Why Screws and Not Nails?
If you’ve never worked with drywall before, you’re probably inclined to wonder why nails are so rarely used.
The answers comes in a few different pieces, but the most important is that it saves time. You can’t use a nail gun on sheetrock, you’ll just break the panel you’re working with. Screw guns, on the other hand, are nearly everywhere and work just fine because they lack impact.
Hammers and drywall don’t mix well. A missed hit with a hammer can severely damage a panel, and hitting too hard in the right place will still indent it. The gypsum simply isn’t made to take that kind of concentrated blunt force.
The final reason: screws will nearly always drive straight. Even if they don’t, you can easily remove them and go through the same whole to correct matters. With nails a single badly placed hit can bend the nail, and if you finish the drive you’ll damage the drywall.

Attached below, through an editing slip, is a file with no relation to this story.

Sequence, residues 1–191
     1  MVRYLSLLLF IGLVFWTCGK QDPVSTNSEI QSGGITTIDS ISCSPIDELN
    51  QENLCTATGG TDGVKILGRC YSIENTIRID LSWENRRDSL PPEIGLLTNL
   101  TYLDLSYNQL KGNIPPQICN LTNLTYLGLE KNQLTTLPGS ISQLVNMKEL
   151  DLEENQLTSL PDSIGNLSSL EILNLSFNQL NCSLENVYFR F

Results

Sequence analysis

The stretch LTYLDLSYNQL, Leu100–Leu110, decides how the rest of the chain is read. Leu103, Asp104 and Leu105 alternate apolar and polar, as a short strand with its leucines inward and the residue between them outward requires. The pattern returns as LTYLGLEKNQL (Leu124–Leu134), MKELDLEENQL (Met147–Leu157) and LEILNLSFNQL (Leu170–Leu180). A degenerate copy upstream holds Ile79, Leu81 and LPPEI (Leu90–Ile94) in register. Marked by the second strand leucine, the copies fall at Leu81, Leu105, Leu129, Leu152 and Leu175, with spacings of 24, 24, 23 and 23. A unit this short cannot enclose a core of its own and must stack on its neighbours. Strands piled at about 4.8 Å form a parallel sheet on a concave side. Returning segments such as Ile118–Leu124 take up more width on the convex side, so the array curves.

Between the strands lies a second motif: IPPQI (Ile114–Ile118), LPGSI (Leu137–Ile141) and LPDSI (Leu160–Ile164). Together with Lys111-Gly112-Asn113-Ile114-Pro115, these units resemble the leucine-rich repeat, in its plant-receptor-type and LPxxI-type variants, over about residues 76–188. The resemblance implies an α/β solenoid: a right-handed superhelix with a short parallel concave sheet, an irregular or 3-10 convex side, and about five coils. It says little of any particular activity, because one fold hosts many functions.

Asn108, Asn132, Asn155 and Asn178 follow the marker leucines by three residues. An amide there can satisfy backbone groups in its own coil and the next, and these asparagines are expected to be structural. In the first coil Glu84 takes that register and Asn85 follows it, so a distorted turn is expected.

Screws will also allow you to work with both metal and wooden framing, while nails can only be driven into wood. This offers an additional level of versatility, especially when it comes to working in commercial settings.
There is one disadvantage inherent to screws: inevitably drywall fasteners will pop. This has to do with the shrinking and expanding which wood goes through during normal temperature and humidity changes.
This is completely natural, and nails will do it too. Even the best mudding job can’t always hold them in if you’re dealing with an extreme climate.
While you might be able to get away with simply bumping a nail back in with a rubber mallet or even a hammer if you’re careful, for screws you’ll be in for a longer task.
It’s not hard, just tedious, if you want to deal with popped screws chip away the plaster or mud above the head until you can see the thread and screw it back in.
They’re also harder to get off when you disassemble the wall, since you can’t just slip them with a claw on the back of a hammer.
As far as disadvantages go, they’re a very minor one. Many homes will never even see a fastener beginning to pop, or have to pull a full wall, and it just goes to show the superior holding power over screws over nails anyways.
- Simply put screws are superior to drywall nails in every way that counts for your project.